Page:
The final chapter of the most terrifying and personal Batman mystery is here!
Still reeling from their last encounter with the three Jokers, Batman, Batgirl, and Red Hood discover the terrible truth about the Three Jokers’ plot. Will the caped crusaders have the strength needed to put an end to the maniacal menaces’ master plan once and for all, or will it be lights out for good? You won’t want to miss the stunning conclusion of Batman: Three Jokers as it completes its trajectory as the ultimate examination of The Joker and his never-ending conflict with Batman.
How do you close out one of the most intriguing DC Comics mini-series of 2020? According to Geoff Johns and artist Jason Fabok you do it by seismically shifting one of the single most important relationships in pop culture history. Also, is it The Joker? Or Joker? I use either depending on my mood…
In the run-up to Three Jokers anticipation was easily around the potential to learn more about HOW there are multiple Joker’s in existence. How were these Jokers created? Who is the original? How will this revelation impact the DC Universe moving forwards?
Cleverly, Johns doesn’t necessarily answer all of the questions posted ahead of the series launch. Instead Three Jokers #3 continues to do what we were told all along: focus on Bruce, Barbara and Jason.
Three Jokers has always been about how his existence and his actions have impacted these three characters. This final issues ostensibly wraps up a lot of those feelings. By the final page each character has reached a new turning point in their relationship with Joker as well as with each other.
For Jason, Three Jokers has been a story of accepting the darkness within himself and created by Joker by the events of Death in the Family. The paternal relationship between Jason and Bruce is really only glanced at here. But to see Jason still struggling to reconcile those events and Bruce’s guilt is incredibly raw. Johns is capably able to handle the deep-seeded cracks in their relationship whilst weaving in a satisfying conclusion.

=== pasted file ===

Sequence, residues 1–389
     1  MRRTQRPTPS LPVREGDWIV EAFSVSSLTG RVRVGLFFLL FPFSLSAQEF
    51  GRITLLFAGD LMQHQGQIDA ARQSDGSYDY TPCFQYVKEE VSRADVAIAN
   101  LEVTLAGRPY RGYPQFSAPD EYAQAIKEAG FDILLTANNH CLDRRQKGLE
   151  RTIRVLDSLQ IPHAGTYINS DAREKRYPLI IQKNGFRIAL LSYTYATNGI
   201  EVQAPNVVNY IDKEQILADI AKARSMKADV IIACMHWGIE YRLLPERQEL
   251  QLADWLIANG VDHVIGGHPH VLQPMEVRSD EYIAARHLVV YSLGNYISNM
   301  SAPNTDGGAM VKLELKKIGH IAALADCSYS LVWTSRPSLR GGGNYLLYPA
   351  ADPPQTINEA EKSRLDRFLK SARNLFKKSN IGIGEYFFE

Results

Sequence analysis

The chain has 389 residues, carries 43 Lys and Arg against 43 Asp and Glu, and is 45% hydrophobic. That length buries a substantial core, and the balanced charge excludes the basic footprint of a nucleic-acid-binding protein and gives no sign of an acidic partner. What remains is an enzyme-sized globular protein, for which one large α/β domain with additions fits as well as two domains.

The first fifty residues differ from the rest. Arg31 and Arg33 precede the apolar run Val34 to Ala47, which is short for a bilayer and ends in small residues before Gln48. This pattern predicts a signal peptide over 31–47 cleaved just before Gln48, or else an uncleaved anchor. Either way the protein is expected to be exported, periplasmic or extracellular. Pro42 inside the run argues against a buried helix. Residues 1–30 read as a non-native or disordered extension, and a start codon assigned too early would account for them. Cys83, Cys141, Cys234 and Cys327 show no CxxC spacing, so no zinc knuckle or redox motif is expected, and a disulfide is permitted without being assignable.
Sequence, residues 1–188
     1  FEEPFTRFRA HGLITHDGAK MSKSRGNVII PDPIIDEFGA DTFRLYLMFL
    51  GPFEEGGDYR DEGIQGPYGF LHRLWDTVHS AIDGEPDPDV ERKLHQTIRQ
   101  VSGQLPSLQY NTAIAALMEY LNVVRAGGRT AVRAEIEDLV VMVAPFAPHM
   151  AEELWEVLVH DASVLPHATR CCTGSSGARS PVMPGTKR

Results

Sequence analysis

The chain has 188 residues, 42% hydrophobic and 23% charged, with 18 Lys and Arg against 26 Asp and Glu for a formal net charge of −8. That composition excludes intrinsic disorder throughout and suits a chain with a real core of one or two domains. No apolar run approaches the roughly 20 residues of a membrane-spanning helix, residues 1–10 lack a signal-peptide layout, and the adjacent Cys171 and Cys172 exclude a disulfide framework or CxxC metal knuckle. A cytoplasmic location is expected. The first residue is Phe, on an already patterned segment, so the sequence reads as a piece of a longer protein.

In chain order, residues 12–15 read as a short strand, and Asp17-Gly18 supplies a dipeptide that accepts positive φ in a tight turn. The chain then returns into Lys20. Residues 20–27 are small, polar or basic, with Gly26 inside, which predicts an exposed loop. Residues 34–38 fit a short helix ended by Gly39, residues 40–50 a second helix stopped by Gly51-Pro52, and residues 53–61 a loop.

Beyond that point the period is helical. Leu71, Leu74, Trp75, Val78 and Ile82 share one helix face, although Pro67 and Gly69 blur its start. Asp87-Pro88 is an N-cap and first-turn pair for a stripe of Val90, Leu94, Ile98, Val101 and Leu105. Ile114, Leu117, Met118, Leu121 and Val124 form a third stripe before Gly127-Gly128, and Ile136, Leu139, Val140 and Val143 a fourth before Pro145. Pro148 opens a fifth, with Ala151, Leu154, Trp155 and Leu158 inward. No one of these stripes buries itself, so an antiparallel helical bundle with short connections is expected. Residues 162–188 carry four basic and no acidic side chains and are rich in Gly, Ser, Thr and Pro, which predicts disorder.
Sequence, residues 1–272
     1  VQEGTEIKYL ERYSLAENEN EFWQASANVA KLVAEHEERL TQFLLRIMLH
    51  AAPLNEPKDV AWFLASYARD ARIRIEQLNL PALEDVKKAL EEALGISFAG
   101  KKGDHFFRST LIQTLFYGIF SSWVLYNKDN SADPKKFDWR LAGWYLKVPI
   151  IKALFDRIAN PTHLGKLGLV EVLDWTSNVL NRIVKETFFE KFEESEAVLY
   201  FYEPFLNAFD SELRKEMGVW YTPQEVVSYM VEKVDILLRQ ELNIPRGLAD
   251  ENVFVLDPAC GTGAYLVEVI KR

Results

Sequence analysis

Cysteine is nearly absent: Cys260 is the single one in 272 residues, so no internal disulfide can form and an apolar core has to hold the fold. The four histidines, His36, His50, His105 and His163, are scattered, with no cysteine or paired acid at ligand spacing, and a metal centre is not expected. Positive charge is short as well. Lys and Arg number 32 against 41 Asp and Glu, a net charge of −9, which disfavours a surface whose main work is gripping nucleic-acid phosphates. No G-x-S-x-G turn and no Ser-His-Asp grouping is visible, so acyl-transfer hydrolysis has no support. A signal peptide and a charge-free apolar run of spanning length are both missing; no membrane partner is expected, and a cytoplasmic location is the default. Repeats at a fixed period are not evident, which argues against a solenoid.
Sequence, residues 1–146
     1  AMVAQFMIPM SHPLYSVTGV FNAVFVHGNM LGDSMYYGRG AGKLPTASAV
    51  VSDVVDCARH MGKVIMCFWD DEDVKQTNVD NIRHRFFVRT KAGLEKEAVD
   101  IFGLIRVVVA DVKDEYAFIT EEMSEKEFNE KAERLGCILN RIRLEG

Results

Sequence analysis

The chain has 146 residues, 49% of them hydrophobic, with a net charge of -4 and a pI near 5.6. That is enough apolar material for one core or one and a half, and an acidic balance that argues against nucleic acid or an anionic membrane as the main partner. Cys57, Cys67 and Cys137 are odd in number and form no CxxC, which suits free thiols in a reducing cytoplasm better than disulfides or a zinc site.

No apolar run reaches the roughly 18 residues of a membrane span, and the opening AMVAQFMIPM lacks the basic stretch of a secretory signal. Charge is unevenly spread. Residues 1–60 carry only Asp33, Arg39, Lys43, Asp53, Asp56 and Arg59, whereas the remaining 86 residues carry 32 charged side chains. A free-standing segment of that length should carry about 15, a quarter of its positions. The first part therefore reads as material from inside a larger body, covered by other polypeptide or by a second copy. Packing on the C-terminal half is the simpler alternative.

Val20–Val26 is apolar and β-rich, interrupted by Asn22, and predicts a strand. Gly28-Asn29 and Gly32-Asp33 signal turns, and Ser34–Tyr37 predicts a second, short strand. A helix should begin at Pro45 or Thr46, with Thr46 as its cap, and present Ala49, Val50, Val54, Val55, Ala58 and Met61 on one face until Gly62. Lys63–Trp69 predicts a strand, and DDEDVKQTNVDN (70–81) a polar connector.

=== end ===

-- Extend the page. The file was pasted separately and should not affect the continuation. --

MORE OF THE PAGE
Barbara’s complex history with Joker has been changed a number of times as DC as worked to reconcile its own history. The events of The Killing Joke were famously re-written to reinstate Barbara’s version of Batgirl during the New 52 era. With Oracle now on the fringes of a return in the main continuity, Three Jokers shows some heavy reverence for Killing Joke in its final chapter.
The biggest (and easily most complex) outcome of Three Jokers is for Bruce. The issue reveals that The Comedian is the last man standing of the three versions of the character introduced in issue #1. It transpires that his plan is to off Joe Chill, murderer of The Waynes, in order to help Bruce heal his greatest wound.
Only with Chill out of the way does Joker think he can become the greatest problem that Bruce/Batman has to deal with. Essentially placing himself as what he see’s as the most important person in Bruce’s life. The Comedian uses his status as the “final” Joker to cement himself as THE Joker. But what the issue takes time not to explain is whether he is the first of the Joker’s to be created, or whether one of the others made him.
One of the through-lines in the mini-series has been whether the Jokers would create another to continue their lineage. It seems that idea isn’t in The Comedian’s wheelhouse as he’s much more fixated on his relationship with Bruce.
But Johns still has one huge trick up his sleeve. Pulling the rug out from underneath the reader we discover that Bruce has known the true identity of Joker from the beginning. The, in an outstanding callback to The Killing Joke we learn that actually we’re not going to learn at all who Joker is.
Johns does a wonderful job of tying up the book with plenty of teasers for the future. The final scenes, which I do not want to spoil here, are a huge shift in the dynamic between the Dark Knight and the Clown Prince of Crime. After reading this any story featuring Joker, past or present, will feel different knowing that Bruce knows more than we ever expected.
But beyond the superficial, Johns has a lot more to say about the status of The Joker. Given our expectations of this huge mystery, Three Jokers told an entirely different story. One which actually played in to the classic representation of the character. Joker’s story remains open-ended, the facts remain a mystery and his history continues to be multiple-choice.
Whilst very little has changed around how The Joker(s) is portrayed his character will never be the same again.
Once again I have to praise Jason Fabok for making this the most Bat-like book he possibly can. I’ve said it from the start but this is how a Bat-book should look. It’s dark, it’s gloomy and it’s overtly atmospheric in all the best ways possible.
There are plentiful Joker facets in this book and he is able to distinguish them all in ways which call back to historical versions of the character. Not once did I find myself wondering which Joker I was looking at on the page. Kudos to Fabok for really making this a AAA book visually.
Batman: Three Jokers #3 is a near multiverse shattering conclusion to the groundbreaking series. Stunning visuals and an impactful story steer the ship to a hugely satisfying and tantalising conclusion.
Batman: Three Jokers #3 is written by Geoff Johns with art by Jason Fabok and colours by Brad Anderson. Fabok and Anderson also provide the above cover artwork.